Kyber is defined over a polynomial ring R = GF(q)[x]/(x^n+1) where
   n=256 (and q=3329).  Elements of R are tuples of 256 integers modulo
   q.  We will call them polynomials or elements interchangeably.

   A tuple a = (a_0, ..., a_255) represents the polynomial

   a_0 + a_1 x + a_2 x^2 + ... + a_255 x^255.

   With polynomial coefficients, vector and matrix indices, we will
   start counting at zero.

5.1.  Operations

5.1.1.  Addition and multiplication

   Addition of elements is componentwise.  Thus

(a_0, ..., a_255) +  (b_0, ..., b_255) = (a_0 + b_0, ..., a_255 + b_255)

   where addition in each component is computed modulo q.

   Multiplication is that of polynomials (convolution) with the
   additional rule that x^256=-1.  To wit

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   (a_0, ..., a_255) \* (b_0, ..., b_255)
       = (a_0 * b_0 - a_255 * b_1 - ... - a_1 * b_255,
          a_0 * b_1 + a_1 * b_0 - a_255 * b_2 - ... - a_2 * b_255,

               ...

          a_0 * b_255 + ... + a_255 * b_0)

   We will not use this schoolbook multiplication to compute the
   product.  Instead we will use the more efficient, number theoretic
   transform (NTT), see TODO.

5.1.2.  Size of polynomials

   For a polynomial a = (a_0, ..., a_255) in R, we write:

   || a || = max_i || a_i ||

   Thus a polynomial is considered large if one of its components is
   large.

5.1.3.  Background on the Number Theoretic Transform (NTT)

   TODO (#8) This section gives background not necessary for the
   implementation.  Should we keep it?

   The modulus q was chosen such that 256 divides into q-1.  This means
   that there are zeta with

   zeta^128 = -1  modulo  q

   With such a zeta, we can almost completely split the polynomial
   x^256+1 used to define R over GF(q):

   x^256 + 1 = x^256 - zeta^128
             = (x^128 - zeta^64)(x^128 + zeta^64)
             = (x^128 - zeta^64)(x^128 - zeta^192)
             = (x^64 - zeta^32)(x^64 + zeta^32)
                   (x^64 - zeta^96)(x^64 + zeta^96)

               ...

             = (x^2 - zeta)(x^2 + zeta)(x^2 - zeta^65)(x^2 + zeta^65)
                       ... (x^2 - zeta^127)(x^2 + zeta^127)

   Note that the powers of zeta that appear in the second, fourth, ...,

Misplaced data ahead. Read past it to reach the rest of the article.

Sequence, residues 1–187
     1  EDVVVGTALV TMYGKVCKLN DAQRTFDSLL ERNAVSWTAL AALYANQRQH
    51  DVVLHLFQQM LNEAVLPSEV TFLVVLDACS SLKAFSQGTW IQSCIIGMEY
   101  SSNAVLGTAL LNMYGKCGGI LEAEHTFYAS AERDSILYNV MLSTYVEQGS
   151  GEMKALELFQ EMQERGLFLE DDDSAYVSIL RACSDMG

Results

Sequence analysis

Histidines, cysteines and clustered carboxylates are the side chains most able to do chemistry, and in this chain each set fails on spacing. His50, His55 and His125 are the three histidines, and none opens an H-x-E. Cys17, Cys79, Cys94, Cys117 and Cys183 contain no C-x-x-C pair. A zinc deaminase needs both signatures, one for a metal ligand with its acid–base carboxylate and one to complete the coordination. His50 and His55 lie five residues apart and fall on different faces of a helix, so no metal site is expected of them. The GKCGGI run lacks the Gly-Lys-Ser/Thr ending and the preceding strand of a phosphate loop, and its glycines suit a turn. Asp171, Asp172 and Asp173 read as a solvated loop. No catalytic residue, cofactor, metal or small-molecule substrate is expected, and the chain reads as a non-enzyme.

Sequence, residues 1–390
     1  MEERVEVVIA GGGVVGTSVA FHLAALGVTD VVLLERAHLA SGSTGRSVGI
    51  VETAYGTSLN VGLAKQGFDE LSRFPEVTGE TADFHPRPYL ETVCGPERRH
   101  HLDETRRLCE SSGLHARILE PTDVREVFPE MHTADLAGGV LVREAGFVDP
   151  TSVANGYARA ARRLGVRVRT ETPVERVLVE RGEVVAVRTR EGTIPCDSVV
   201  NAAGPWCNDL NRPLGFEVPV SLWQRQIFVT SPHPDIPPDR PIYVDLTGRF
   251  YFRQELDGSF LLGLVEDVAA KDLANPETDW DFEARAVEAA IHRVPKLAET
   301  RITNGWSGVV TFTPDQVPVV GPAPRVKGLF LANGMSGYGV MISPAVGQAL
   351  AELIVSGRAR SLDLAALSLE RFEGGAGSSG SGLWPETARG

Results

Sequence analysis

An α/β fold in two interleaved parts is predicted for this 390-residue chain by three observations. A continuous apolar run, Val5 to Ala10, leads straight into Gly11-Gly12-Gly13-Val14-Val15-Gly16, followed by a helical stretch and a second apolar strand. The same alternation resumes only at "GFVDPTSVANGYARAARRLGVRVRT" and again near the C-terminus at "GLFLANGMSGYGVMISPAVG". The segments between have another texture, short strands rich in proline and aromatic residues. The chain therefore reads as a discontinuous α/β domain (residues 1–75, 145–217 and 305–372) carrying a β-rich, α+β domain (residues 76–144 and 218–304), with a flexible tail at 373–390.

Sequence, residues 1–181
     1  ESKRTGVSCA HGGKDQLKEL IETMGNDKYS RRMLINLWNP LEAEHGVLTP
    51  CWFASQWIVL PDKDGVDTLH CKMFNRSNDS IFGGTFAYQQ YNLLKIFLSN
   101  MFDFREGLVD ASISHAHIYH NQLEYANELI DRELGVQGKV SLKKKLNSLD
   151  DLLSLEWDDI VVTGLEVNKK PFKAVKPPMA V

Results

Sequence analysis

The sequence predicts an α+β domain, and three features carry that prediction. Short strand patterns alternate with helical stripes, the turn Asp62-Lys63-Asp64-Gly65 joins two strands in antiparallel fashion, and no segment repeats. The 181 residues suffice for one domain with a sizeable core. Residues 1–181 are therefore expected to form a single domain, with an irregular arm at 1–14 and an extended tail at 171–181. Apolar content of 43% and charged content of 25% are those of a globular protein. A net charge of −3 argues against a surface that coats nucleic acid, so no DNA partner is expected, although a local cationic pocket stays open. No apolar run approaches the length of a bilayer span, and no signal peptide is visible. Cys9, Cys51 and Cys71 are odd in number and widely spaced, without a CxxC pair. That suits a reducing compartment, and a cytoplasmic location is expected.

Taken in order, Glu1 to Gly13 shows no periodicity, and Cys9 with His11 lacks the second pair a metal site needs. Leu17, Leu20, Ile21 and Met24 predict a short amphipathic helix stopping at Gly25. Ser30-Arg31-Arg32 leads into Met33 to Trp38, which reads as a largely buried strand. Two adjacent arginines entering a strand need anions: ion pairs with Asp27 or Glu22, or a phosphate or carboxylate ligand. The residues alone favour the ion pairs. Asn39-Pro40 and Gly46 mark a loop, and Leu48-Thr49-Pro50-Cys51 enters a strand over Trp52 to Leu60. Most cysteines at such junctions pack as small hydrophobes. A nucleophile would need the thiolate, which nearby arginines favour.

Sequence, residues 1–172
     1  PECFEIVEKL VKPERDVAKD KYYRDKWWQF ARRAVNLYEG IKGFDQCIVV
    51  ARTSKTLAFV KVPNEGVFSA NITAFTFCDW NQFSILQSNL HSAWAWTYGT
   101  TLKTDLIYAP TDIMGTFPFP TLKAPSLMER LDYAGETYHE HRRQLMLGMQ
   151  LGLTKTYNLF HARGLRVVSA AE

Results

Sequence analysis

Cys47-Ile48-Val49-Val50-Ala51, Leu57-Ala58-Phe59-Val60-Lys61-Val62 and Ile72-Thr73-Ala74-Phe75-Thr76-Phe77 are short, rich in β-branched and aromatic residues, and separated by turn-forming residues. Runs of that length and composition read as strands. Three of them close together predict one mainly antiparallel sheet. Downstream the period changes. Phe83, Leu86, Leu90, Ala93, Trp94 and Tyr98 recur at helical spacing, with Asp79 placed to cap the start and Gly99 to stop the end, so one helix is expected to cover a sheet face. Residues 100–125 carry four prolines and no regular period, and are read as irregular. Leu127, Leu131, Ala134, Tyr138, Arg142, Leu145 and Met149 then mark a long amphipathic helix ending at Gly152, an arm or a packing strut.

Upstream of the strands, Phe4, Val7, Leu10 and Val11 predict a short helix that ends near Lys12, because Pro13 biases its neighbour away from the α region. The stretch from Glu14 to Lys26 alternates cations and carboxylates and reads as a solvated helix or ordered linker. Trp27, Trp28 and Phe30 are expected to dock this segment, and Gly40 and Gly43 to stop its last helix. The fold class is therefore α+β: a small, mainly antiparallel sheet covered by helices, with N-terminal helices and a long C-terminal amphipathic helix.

and final lines are in binary:

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   0100000 1100000
   0010000 1010000 0110000 1110000
   0001000 1001000 0101000 1101000 0011000 1011000 0111000 1111000
               ...
   0000001 1000001 0100001 1100001 0010001 1010001 0110001 ... 1111111

   That is: brv(2), brv(3), brv(4), ..., where brv(x) denotes the 7-bit
   bitreversal of x.  The final line is brv(64), brv(65), ..., brv(127).

   These polynomials x^2 +- zeta^i are irreducible and coprime, hence by
   the Chinese Remainder Theorem for commutative rings, we know

R = GF(q)[x]/(x^256+1) -> GF(q)[x]/(x^2-zeta) x ... x GF(q)[x]/(x^2+zeta^127)

   given by a |-> ( a mod x^2 - zeta, ..., a mod x^2 + zeta^127 ) is an
   isomorphism.  This is the Number Theoretic Transform (NTT).
   Multiplication on the right is much easier: it's almost
   componentwise, see section TODO.

   A propos, the the constant factors that appear in the moduli in order
   can be computed efficiently as follows (all modulo q):

   -zeta     = -zeta^brv(64)  = -zeta^{1 + 2 brv(0)}
    zeta     =  zeta^brv(64)  = -zeta^{1 + 2 brv(1)}
   -zeta^65  = -zeta^brv(65)  = -zeta^{1 + 2 brv(2)}
    zeta^65  =  zeta^brv(65)  = -zeta^{1 + 2 brv(3)}
   -zeta^33  = -zeta^brv(66)  = -zeta^{1 + 2 brv(4)}
    zeta^33  =  zeta^brv(66)  = -zeta^{1 + 2 brv(5)}

                ...

   -zeta^127 = -zeta^brv(127) = -zeta^{1 + 2 brv(126)}
    zeta^127 =  zeta^brv(127) = -zeta^{1 + 2 brv(127)}

   To compute a multiplication in R efficiently, one can first use the
   NTT, to go to the rigth; compute the multiplication there and move
   back with the inverse NTT.

   The NTT can be computed efficiently by performing each binary split
   of the polynomial separately as follows:

   a |-> ( a mod x^128 - zeta^64, a mod x^128 + zeta^64 ),
     |-> ( a mod  x^64 - zeta^32, a mod  x^64 + zeta^32,
           a mod  x^64 - zeta^96, a mod  x^64 + zeta^96 ),

       et cetera

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   If we concatenate the resulting coefficients, expanding the
   definitions, for the first step we get:

   a |-> (   a_0 + zeta^64 a_128,   a_1 + zeta^64 a_129,
            ...
           a_126 + zeta^64 a_254, a_127 + zeta^64 a_255,
             a_0 - zeta^64 a_128,   a_1 - zeta^64 a_129,
            ...
           a_126 - zeta^64 a_254, a_127 - zeta^64 a_255)

   We can see this as 128 applications of the linear map CT_64, where

   CT_i: (a, b) |-> (a + zeta^i b, a - zeta^i b)   modulo q

   for the appropriate i in the following order, pictured in the case of
   n=16:

   -x----------------x--------x---
   -|-x--------------|-x------|-x-
   -|-|-x------------|-|-x----x-|-
   -|-|-|-x----------|-|-|-x----x-
   -|-|-|-|-x--------x-|-|-|--x---
   -|-|-|-|-|-x--------x-|-|--|-x-
   -|-|-|-|-|-|-x--------x-|--x-|-
   -|-|-|-|-|-|-|-x--------x----x-
   -x-|-|-|-|-|-|-|--x--------x---
   ---x-|-|-|-|-|-|--|-x------|-x-